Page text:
Sector Snapshot: Digital Communications Challenges and Opportunities for Heritage Organisations

27th April, 2023

Based on a digital communications focus group held on 14th March 2023 in partnership with Media Trust. Facilitated by Jade Staiano, Digital Communications Manager, Media Trust.

A series of focus groups was run at the end of the Rebuilding Heritage project, in March 2023, to explore current challenges and opportunities for heritage organisations. The findings from each focus group are presented as a series of ‘snapshots’ of sector views and experience.

To see all of the sector snapshots, click here.

Purpose of Focus Group

To explore the current challenges of digital communication for heritage sector organisations and to look ahead to the future to learn how the sector can be supported in terms of training and digital communication resources.

Four people attended the focus group. They were drawn from different parts of the UK, different types of heritage organisation, and different roles. The discussion focused on approaches to digital communication over the last twelve months, training needs and skills gaps, and appetite for innovation.

Recent Approaches to Digital Communication

As a starter question, people were asked what their favourite social media platform is, or which platform is used most by their organisation. Twitter and Facebook are used most widely, but it was clear that people are interested in finding out about other platforms, trends and opportunities for innovation.

Reflecting on the last twelve months and the role that digital communication and social media play within the organisations represented at the focus group, everyone agreed that digital communication is a high priority for their organisation. For some, it acts as a ‘shop front’; for others, it is a means of connecting with local community groups; for still more it is an ‘epicentre’, used to engage audiences with the things that their organisation does or sells.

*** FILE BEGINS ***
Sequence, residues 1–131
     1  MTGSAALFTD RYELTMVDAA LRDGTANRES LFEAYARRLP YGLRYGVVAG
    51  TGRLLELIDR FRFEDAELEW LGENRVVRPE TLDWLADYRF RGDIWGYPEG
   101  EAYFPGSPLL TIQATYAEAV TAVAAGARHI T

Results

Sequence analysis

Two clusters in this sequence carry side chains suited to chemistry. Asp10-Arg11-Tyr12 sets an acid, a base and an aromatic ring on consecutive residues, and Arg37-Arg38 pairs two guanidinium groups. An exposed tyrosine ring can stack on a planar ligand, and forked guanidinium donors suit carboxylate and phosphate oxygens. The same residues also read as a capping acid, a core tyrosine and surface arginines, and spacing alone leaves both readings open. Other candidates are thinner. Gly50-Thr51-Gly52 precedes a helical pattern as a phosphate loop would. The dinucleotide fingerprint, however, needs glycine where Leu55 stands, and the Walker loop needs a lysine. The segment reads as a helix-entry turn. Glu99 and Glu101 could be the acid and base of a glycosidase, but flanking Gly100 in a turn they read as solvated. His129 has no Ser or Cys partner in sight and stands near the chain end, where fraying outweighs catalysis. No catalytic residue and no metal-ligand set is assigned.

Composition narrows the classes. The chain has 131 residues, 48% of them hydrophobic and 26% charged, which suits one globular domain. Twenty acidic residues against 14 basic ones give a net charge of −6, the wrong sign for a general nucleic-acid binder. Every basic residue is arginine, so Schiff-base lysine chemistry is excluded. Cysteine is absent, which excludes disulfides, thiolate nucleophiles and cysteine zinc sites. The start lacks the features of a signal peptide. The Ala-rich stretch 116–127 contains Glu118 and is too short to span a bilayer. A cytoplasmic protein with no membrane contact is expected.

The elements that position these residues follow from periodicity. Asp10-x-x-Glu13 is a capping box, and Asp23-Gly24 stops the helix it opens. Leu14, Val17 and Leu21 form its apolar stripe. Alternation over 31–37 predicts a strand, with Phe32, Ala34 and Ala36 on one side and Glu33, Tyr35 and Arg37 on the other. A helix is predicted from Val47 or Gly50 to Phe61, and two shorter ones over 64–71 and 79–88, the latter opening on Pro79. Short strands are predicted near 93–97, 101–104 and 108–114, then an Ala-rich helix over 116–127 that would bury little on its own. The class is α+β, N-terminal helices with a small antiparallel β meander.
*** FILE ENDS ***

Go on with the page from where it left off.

It was clear that different levels of resource and budget for digital communication and social media affect what people are able to achieve in terms of output. There was a high level of awareness amongst the group of the time that it takes to identify audiences, use the right platform for the right audiences and tailor content.

People reported that the lockdown had been transformational for their organisation’s digital communication activity, with great examples of new content and innovative use of technology. But in the transition out of the pandemic, some organisations are finding that the time they can put into digital communication is being squeezed, as well as a sense of fatigue amongst existing staff. For some, this results in an ambition to get new staff or volunteers on board who are dedicated to social communications. Other organisations are trying to involve a wider range of existing staff in communications activities, particularly visitor-facing staff.

Naturally, the type of content that has proved successful over the last year varies with each organisation and its audience. Some people find that images from their collection or site generate a high level of interest, while others find that stories from volunteers, members of their audience, or stories linked to a theme represented by their organisation, are the most popular.

Training and Skills Gaps

Members of the group have a range of skills and experience – from formal (degree level) courses, to self-taught using web-based resources. Turning to how organisations develop digital communications skills, there is also a range of approaches. Some have turned to consultants for bespoke training or support relating to a specific brief, whilst others rely on knowledge-sharing between colleagues to fill gaps. The latter is especially popular when learning about how to use different platforms or interactive products. This form of intra-organisation learning has the added benefit of getting people on the same page in terms of content and approach, as well as developing new skills.